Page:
Uncovering ‘fat genes’ in people could help preempt obesity, study shows
NEW YORK, May 27 — A new study adds to the growing evidence that the obesity epidemic could be caused by more than just poor eating habits and sedentary lifestyles. But before throwing in the gym towel, researchers are quick to point out that while some people pay be predisposed to obesity because of their genetic makeup, a healthy lifestyle can still help mitigate the outcome.
In the latest study published online by the American Journal of Clinical Nutrition ahead of the June issue, US researchers found that individuals with certain “obesity genes” known as FTO and BDNF genes tend to eat more meals and snacks and consume more calories a day, often reaching for foods that are high in fat and sugar like dairy products, meat, eggs, nuts and sweets.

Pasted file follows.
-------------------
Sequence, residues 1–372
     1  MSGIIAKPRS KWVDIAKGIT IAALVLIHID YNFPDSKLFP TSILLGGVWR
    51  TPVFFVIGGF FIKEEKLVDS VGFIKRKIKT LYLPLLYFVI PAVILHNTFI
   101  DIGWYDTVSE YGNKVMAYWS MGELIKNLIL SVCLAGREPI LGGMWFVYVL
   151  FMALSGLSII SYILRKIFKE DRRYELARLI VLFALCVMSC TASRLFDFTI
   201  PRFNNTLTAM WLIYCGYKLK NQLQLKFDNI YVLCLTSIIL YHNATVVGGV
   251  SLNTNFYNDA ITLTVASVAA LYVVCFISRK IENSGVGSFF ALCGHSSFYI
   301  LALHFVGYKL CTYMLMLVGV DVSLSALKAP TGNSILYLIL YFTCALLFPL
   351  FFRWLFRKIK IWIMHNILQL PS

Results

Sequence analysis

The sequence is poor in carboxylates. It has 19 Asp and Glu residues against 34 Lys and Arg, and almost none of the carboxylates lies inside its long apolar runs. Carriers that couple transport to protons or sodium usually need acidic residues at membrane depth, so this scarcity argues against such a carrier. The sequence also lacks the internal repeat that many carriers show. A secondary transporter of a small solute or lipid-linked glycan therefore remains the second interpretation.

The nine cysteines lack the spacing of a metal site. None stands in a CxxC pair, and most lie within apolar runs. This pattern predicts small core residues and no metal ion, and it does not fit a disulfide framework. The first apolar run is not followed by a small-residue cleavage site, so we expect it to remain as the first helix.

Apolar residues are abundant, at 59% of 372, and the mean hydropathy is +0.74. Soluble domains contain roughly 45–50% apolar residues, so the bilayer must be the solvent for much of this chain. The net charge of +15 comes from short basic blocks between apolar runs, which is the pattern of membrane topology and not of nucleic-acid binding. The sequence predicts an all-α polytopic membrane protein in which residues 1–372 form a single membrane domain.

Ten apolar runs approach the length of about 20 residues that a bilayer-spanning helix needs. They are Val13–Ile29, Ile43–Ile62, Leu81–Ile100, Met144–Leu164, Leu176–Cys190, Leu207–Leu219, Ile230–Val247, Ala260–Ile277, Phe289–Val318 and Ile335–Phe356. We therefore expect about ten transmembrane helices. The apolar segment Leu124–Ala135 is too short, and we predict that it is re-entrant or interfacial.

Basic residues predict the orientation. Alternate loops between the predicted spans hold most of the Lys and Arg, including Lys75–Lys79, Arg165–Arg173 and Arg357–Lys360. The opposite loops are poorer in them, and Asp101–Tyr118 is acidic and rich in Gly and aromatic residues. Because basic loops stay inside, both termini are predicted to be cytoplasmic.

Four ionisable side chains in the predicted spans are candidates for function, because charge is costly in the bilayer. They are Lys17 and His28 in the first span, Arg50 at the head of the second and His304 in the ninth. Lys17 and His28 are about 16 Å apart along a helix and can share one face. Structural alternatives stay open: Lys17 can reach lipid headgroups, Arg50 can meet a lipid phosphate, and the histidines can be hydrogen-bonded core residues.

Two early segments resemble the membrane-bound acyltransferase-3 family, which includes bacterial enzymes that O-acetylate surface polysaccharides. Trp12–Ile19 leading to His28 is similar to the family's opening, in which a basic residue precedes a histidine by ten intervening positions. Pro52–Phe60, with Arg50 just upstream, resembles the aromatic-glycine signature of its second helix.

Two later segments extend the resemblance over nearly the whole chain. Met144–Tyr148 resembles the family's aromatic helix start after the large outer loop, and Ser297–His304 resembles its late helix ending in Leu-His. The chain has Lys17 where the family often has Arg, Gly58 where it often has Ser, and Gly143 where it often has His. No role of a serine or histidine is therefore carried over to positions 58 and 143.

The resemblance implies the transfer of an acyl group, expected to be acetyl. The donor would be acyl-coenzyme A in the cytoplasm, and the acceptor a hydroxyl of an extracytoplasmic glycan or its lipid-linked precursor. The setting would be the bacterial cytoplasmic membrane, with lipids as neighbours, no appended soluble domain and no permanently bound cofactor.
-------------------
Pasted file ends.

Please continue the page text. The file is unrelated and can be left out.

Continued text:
For the study, more than 2,000 participants completed a questionnaire about their eating habits over the past six months and also underwent genotyping. Researchers then examined whether the genetic markers influenced the pattern or content of their diet.
Scientists suggest that uncovering genetic markers could help identify those who are at increased risk for obesity and prevent early onset through the implementation of healthy lifestyle interventions.
Another study published in the same journal in 2009 found that the risk of becoming obese is 2.5 times higher for those with double copies of obesity genes.
But more importantly, researchers found that the likelihood diminished with regular exercise and low-fat diets. — Afp-Relaxnews